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Unformatted text preview: Introduction to Algorithms Solution Set 3 CS 482, Spring 2008 (1) We describe an algorithm Test ( S ) whose input is a set S of bank cards and whose output is: a bank card x S such that more than half the elements of S are equivalent to x , if any such bank card exists; otherwise, the output is null . Let n =  S  . When n = 0, Test ( S ) outputs null . When n = 1, Test ( S ) outputs the unique element of S . Otherwise, Test ( S ) partitions S into two (arbitrary) subsets S 1 ,S 2 of size b n/ 2 c and d n/ 2 e . Let x 1 = Test ( S 1 ) ,x 2 = Test ( S 2 ). For each non null element of the set { x 1 ,x 2 } , the algorithm takes this bank card and performs an equivalence test against all other bank cards. Let n 1 be the number of bank cards equivalent to x 1 (including x 1 itself), or n 1 = 0 if x 1 = null . Define n 2 similarly, but with x 2 in place of x 1 . If n 1 > n/ 2 then Test ( S ) outputs x 1 ; else if n 2 > n/ 2 then Test ( S ) outputs x 2 ; else Test ( S ) outputs null . Running time. Equivalencetesting x 1 against all other bank cards takes n 1 comparisons or 0 comparisons, depending on whether x 1 = null , and similarly for x 2 . Thus the running time, f ( n ), of Test ( S ) satisfies f ( n ) f ( b n/ 2 c ) + f ( d n/ 2 e ) + 2( n 1) . The solution of this recurrence satisfies f ( n ) = O ( n log n ) . Correctness. The proof of correctness is by induction on n , the base cases n = 0 , 1 being trivial. The algorithm never outputs a bank card unless it has directly compared that bank card to all others and determined that it is equivalent to at least b n/ 2 c of them, hence it never produces an incorrect non null output. We only need to prove that if there is a set T S of bank cards which are all equivalent, such that  T  > n/ 2, then the algorithm outputs an element of T . To prove this, let m =  T  , m 1 =  T S 1  , m 2 =  T S 2  . If 2 m 1  S 1  and 2 m 2  S 2  then 2 m  S  contradicting our assumption that  T  > n/ 2. So at least one of the following inequalities holds: m 1 >  S 1  / 2 or m 2 >  S 2  / 2 . Assume without loss of generality that the first of these holds. Then Test ( S 1 ) outputs an element x 1 T , and Test ( S ) will compare x 1 with all other elements of S and discover that the set of elements equivalent to x 1 (i.e., the set T ) contains more than half the elements of S . Hence Test ( S ) will output an element of T , as desired. (2) We present two solutions. The first is a divideandconquer algorithm which resembles mergesort in that it divides the input into two equalsized subproblems, solves both subproblems, then combines the results by carefully walking through a pair of ordered lists. The second is a simpler algorithm that sorts the lines and processes them in order of increasing slope, maintaining a stack whose contents are all the lines currently visible. Solution 1: Let = { L 1 ,...,L n } be any collection of nonvertical lines. Assume without loss ofbe any collection of nonvertical lines....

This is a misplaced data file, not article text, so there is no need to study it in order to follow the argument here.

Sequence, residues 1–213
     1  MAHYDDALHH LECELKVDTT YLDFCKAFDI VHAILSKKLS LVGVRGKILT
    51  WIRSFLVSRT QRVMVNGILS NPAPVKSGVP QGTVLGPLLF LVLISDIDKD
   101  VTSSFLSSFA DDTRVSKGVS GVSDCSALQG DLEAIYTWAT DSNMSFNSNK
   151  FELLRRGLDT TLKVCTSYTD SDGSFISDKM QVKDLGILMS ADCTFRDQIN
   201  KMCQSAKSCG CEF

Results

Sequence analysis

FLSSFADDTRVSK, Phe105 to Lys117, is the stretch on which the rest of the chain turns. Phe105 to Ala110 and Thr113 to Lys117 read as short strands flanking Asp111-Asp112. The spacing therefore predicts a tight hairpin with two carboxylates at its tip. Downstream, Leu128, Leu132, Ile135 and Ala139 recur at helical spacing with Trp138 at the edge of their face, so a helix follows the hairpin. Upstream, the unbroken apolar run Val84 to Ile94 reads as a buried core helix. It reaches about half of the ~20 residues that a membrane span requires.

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This note was uploaded on 10/02/2008 for the course CS 482 taught by Professor Kleinberg during the Spring '08 term at Cornell University (Engineering School).
 Spring '08
 KLEINBERG
 Algorithms

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